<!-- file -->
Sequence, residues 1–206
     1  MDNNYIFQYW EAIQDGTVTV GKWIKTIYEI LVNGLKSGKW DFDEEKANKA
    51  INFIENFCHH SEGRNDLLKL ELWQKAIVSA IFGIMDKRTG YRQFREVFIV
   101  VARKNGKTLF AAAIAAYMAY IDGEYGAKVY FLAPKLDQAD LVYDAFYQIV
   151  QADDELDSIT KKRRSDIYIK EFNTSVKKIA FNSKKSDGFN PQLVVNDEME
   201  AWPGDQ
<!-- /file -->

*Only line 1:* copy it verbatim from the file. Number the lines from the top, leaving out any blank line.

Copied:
Sequence, residues 1–206